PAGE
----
This makes him an ideal replacement for Smith at Rajasthan Royals. At No 3, coming behind D’Arcy Short (or Rahul Tripathi) and Ajinkya Rahane, Henriques can act as a bridge between the power-packed lower middle-order comprising Jos Buttler and Ben Stokes and a relatively calmer top order.
Add in his abilities with the ball and Rajasthan have a handy fifth or sixth bowler in conditions that would suit his style of bowling. His familiarity with Indian conditions could also make him a catchy option.
Replacements for David Warner
When you have the overpowering presence of someone like Dhawan at the top, it makes sense to bring in a more mature, composed batsman to partner him. Amla, in every way, is an apt companion for Dhawan more than a like-for-like replacement for Warner.
Unlike common perception, the South African opener is a fabulous T20 player and set the IPL alight last year with two hundreds and as many half-centuries, scoring more than 400 runs at an average of 60.00. Yet, bizarrely, he found no takers at the auction this year.
Warner's absence gives SRH an option to bring Amla into the mix. The South African’s spectacular strike rate of 145.83 last season is even better than that of Warner! You did not see that coming, did you? What are Sunrisers even waiting for?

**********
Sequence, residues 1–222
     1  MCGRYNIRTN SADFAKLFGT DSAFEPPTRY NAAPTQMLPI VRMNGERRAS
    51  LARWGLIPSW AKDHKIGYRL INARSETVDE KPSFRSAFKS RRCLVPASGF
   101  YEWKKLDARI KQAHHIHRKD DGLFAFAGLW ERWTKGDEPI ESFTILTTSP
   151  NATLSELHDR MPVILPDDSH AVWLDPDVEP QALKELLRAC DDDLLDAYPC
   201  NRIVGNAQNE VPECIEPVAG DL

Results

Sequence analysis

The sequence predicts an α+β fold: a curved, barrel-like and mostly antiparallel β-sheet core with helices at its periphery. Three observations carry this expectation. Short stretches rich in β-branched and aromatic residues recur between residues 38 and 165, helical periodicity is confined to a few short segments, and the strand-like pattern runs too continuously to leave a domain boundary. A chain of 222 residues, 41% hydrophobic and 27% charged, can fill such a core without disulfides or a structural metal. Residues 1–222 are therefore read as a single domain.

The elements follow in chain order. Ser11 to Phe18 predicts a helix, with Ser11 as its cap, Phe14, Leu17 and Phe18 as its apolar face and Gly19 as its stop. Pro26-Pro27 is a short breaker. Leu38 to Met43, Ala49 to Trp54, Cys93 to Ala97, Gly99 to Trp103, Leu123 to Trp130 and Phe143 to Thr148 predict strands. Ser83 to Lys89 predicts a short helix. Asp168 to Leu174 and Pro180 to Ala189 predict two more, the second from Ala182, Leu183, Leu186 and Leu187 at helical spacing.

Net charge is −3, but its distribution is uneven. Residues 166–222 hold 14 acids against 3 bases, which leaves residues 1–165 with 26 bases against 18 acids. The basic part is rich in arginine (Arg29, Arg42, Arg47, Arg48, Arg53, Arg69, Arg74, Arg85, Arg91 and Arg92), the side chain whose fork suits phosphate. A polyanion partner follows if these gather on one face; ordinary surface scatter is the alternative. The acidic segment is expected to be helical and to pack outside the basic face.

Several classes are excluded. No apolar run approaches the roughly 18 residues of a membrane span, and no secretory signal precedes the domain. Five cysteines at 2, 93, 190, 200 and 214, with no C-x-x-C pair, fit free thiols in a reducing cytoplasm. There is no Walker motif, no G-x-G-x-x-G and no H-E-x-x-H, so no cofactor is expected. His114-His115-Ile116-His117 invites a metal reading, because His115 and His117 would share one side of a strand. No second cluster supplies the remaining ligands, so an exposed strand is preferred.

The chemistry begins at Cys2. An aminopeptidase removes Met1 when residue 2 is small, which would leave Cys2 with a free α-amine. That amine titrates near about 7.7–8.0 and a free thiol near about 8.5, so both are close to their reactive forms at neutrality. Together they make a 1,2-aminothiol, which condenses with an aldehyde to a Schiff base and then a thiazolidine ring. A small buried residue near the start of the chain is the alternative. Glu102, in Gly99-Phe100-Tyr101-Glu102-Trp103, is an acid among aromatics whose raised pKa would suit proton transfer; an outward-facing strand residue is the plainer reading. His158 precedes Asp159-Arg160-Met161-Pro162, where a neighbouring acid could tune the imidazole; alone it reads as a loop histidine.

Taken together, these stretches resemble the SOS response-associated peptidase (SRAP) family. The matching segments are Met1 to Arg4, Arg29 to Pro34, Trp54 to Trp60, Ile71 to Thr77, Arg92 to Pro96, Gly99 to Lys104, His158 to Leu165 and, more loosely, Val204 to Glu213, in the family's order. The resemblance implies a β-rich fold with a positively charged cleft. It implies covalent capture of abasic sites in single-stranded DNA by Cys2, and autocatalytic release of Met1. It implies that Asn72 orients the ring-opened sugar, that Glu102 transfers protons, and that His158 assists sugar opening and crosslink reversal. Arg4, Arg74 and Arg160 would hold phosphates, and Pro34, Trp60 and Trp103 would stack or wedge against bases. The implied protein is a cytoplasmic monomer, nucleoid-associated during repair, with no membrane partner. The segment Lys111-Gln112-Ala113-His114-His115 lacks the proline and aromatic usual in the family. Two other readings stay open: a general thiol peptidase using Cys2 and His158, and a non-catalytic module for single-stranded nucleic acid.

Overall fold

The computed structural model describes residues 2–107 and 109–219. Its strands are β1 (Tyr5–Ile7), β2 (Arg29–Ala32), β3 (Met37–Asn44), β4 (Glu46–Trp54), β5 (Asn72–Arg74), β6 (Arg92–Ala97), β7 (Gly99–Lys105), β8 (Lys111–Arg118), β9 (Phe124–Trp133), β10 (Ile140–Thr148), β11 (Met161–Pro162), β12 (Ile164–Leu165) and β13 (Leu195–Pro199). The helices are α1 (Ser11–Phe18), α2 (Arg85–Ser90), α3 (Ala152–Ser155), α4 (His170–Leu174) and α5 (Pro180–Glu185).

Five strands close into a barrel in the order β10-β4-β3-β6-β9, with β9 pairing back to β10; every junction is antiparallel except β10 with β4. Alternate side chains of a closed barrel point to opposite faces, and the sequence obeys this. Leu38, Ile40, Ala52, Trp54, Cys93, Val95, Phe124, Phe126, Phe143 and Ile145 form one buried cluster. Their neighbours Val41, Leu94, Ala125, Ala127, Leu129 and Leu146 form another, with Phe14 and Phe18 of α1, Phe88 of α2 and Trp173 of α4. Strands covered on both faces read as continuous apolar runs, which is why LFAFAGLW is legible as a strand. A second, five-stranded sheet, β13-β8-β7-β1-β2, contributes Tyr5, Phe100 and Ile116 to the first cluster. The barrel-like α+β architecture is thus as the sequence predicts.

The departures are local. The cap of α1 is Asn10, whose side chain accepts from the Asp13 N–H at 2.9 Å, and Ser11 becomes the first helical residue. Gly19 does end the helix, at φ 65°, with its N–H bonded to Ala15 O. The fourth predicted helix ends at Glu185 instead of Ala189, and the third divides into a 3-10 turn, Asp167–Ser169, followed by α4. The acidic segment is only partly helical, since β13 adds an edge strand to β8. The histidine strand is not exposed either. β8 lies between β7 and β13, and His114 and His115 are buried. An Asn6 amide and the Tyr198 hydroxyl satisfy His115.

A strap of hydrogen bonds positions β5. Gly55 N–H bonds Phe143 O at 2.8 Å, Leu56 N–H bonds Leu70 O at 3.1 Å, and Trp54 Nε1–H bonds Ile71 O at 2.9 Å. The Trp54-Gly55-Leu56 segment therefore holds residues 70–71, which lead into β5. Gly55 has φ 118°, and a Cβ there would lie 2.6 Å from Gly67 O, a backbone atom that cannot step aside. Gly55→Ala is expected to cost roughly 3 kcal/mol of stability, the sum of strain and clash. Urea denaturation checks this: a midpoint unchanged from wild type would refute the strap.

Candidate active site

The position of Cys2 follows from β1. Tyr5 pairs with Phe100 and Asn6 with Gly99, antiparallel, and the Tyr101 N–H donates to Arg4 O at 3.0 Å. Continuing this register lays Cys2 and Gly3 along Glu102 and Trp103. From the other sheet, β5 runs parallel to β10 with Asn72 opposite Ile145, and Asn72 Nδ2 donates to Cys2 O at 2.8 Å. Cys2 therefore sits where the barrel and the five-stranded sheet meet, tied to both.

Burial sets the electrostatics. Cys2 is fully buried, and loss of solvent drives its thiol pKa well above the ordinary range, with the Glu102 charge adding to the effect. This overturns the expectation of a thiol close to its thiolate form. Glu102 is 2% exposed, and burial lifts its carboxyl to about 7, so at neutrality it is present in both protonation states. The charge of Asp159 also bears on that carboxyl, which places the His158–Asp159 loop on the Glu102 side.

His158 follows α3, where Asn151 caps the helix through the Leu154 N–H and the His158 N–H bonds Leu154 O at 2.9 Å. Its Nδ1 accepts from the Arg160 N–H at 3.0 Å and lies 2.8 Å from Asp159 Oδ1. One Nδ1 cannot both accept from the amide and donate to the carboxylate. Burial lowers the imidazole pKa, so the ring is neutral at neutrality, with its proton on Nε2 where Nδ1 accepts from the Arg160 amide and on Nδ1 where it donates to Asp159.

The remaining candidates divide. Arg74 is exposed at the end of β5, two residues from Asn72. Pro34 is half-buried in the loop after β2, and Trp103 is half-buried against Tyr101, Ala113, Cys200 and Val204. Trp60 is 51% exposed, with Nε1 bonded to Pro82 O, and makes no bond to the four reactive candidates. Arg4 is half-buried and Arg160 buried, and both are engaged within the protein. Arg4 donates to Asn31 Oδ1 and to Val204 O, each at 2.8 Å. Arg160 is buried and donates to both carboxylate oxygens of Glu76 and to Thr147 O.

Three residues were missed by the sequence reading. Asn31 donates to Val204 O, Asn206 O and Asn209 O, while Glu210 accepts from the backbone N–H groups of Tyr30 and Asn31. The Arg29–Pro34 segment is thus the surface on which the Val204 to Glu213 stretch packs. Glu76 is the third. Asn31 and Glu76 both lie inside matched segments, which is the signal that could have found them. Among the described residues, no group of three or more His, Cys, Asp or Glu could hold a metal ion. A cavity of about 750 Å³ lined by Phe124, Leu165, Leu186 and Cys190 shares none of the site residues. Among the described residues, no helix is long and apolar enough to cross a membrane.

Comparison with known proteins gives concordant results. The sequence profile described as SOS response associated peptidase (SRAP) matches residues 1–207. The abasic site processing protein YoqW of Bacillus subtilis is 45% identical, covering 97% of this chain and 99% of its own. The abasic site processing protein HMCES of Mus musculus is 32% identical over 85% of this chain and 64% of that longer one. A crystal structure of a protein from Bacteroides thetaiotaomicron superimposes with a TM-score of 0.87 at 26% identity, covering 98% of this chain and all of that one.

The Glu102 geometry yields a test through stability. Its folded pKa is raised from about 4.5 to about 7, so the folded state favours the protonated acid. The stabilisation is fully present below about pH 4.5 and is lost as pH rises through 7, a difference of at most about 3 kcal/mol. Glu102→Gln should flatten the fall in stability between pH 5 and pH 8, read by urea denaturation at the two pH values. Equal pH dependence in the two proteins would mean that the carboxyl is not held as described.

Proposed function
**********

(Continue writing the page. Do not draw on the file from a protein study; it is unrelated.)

The adrenaline behind Islamabad United’s title win at the Pakistan Super League this year, Australian-turned-Kiwi opening batsman Luke Ronchi is an ideal replacement candidate for Warner. At 37, age may not be on his side but if Sunrisers want to go all hammer and tongs in the powerplay, there really is no better replacement than Ronchi.
He topped the PSL run charts this season with 435 runs at a whopping strike rate of 182.00 and has an impressive overall T20 career strike rate in excess of 150. Wriddhiman Saha is Sunrisers’ assigned gloveman at the moment but given his wavering form, Ronchi could also double up as a wicket-keeping option instead of the Indian Test keeper.
Ronchi was severe against the seamers in the PSL, scoring at a mind-blowing 12.56 runs per over according to CricViz. As per them, among batsmen with minimum of 100 balls faced, Ronchi’s run rate of 11.43 in the powerplay also tops the chart.
Luke Ronchi's run-rate in the Powerplay overs tonight was 14.52, not too dissimilar from the 14.75 he got in the previous game. These two are his highest Powerplay run-rates this season.#PSL2018 #IUvPZ
— The Cricket Prof. (@CricProf) March 25, 2018
What might peg Ronchi back is his relatively lower success rate against spinners. But this is true for Warner as well and that shouldn't be a concern for Hyderabad if they need somebody who can single-handedly win matches from the top of the order.
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Warner led the Sunrisers to the IPL title in 2016 and played at the club last year under New Zealander Kane Williamson.
Vivo is likely to pull out as the IPL's title sponsor for this year and if relations between the two countries improve, BCCI may look at inking a fresh three-year deal with the company from 2021 to 2023 on revised terms.
The IPL is scheduled to start in the UAE on 19 September and although the BCCI is awaiting approval from the central government, in a letter to Ganguly, Verma pointed out why it must be held in India.